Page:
According to Fangraphs, Hudson threw his curveball for 10.9 percent of his pitches last season. It's a pitch he has been throwing more often the past few seasons, partly due to decreased velocity in his fastball making it less effective. It's helped to keep him a successful pitcher as he continues to get older.
Fangraphs says that Teheran has thrown the curveball 19.1 percent of the time during his big league career. Throwing the curve well is essential for Teheran considering he only has three pitches. It's a solid pitch, but at the same time it can still use a little improvement.
Hudson has done well with the curve out of necessity and any tips he can give Teheran could be what helps him turn the corner for good.
Teheran has come a long way from being a guy who gets by on just his excellent stuff. However at this point in his career, there are some times when he reverts back into a thrower who tries to blow by hitters. This is normal for a 22-year-old, especially one who has the natural stuff that Teheran has.
Hudson is a true pitcher. He doesn't have great stuff at this point in his career, and even at the beginning of his career, he never had the level of stuff that Teheran has. That meant he became a pitcher instead of trying to blow it past a hitter.
Spending time together with a veteran like Hudson could help Teheran as he tries to both improve as a true pitcher and stop trying to just blow his best stuff past hitters from time to time.
Hudson may not blow anyone away, but he's solid in all aspects. This applies to the way he fields his position, something which is important because of his ability to get ground-ball outs. The ability to field his position well helps him limit the damage against him, and it's a trait that many of the top Braves pitchers of the past 20 years have had.
I am not ready to judge Teheran's ability to field his position, but spending time with Hudson will only help him. If Teheran can be a solid fielding pitcher, it could have save him a couple of runs every season. It may not sound like a lot, but if Teheran can save four runs over the course of 180 innings, it would make a 0.20 difference in his ERA.
Something that Hudson does well is force big league hitters to hit the ball on the ground. It helps to limit the home runs hit against him as well as lets the defense behind him do what it should do. In his career, he has nearly doubled the league average for ground-out-to-air-out ratio, according to Baseball Reference.
It would be nice if Hudson can teach Teheran how to make big league hitters put the ball on the ground. Not only would it help limit the damage against him, but it would also help him take advantage of one of the biggest strengths of the team in the defense of shortstop Andrelton Simmons.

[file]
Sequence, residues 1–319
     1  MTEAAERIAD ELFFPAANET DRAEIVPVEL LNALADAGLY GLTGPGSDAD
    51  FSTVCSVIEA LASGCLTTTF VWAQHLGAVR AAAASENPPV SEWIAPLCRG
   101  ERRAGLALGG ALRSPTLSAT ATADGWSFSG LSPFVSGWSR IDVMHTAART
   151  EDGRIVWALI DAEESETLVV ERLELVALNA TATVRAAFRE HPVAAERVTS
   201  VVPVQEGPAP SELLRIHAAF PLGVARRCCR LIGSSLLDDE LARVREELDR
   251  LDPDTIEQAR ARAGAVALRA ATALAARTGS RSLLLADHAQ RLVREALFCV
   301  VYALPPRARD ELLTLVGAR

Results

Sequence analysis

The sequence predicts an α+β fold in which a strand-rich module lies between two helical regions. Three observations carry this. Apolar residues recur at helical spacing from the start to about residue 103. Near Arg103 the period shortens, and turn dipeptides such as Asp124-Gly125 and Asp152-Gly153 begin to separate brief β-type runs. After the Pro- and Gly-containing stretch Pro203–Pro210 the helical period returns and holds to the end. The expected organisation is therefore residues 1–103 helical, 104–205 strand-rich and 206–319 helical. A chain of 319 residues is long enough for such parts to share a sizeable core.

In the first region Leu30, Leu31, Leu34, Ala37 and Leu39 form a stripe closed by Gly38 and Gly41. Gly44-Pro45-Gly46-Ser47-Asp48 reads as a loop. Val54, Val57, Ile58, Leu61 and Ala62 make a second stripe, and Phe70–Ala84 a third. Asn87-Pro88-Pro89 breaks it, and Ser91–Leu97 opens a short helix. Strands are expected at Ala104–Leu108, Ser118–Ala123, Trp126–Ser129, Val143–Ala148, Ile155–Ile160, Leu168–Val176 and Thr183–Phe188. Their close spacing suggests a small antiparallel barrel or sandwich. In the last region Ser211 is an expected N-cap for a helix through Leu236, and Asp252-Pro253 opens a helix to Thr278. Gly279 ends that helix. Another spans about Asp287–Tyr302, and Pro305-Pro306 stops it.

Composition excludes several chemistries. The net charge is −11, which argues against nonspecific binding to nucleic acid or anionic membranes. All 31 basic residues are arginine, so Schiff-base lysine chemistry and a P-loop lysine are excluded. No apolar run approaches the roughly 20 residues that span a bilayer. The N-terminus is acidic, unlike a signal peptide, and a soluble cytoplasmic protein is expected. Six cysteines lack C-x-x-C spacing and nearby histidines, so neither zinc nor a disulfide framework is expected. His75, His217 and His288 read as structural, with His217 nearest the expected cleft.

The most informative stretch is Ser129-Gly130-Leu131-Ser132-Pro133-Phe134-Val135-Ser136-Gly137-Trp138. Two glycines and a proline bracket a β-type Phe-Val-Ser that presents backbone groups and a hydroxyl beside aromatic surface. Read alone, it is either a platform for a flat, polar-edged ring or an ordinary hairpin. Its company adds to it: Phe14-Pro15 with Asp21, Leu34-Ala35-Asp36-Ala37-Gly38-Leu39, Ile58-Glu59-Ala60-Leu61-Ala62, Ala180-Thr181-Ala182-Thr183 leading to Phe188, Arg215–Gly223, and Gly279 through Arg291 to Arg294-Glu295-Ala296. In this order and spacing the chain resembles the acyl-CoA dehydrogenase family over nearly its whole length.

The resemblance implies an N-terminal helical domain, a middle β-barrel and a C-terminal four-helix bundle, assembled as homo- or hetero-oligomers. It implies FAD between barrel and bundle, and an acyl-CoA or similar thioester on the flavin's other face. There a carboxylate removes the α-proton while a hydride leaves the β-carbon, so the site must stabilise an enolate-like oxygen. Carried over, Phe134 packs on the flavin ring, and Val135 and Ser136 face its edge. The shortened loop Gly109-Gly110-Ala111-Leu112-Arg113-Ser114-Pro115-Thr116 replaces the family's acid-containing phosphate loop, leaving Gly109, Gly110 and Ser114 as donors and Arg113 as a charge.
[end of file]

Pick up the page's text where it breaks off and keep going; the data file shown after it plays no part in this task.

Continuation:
Teheran has limited big league experience in his career and struggled badly in the minors last year. Sure he looks like he turned everything around, but people can't forget that he is still only 22 years old. That means no matter how good he may be, there will be the occasional rocky outing—like Friday against the Chicago Cubs.
Hudson is a veteran sitting just two wins shy of 200 in his career after a victory earlier today against the Cubs. He's been through plenty of ups and downs during a big league career which has covered 15 seasons.
It's important for Teheran to have a veteran like Hudson around to help mentor him. A guy like Hudson will do his best to make sure that the kid being considered the future of the rotation never gets too high or too low because of his performance on the mound. In a division with potentially the best team in baseball, this is important.
I already mentioned that Hudson could help Teheran as a hitter, but for a pitcher, bunting is extremely important. That's because if there is a runner on base and less than two outs, most pitchers are looking to bunt to move the runner up since they aren't exactly threats at the plate.
Hudson is a very good hitter, so it shouldn't surprise anyone that he is a great bunter.
During his nine seasons in Atlanta, Hudson has 52 sacrifice bunts, including 14 back in 2006 and a total of 22 over the past three seasons. Hudson is one of the better pitchers in the game at moving the runners up for the next guy.
Teheran has shown some ability in the minors as a hitter, but we don't know much about his ability as a bunter yet. Spending time working with Hudson can only help Teheran. I believe it could be similar to the way young pitchers were with their bunting during the Braves' long run of success from veterans like Greg Maddux, John Smoltz and Tom Glavine.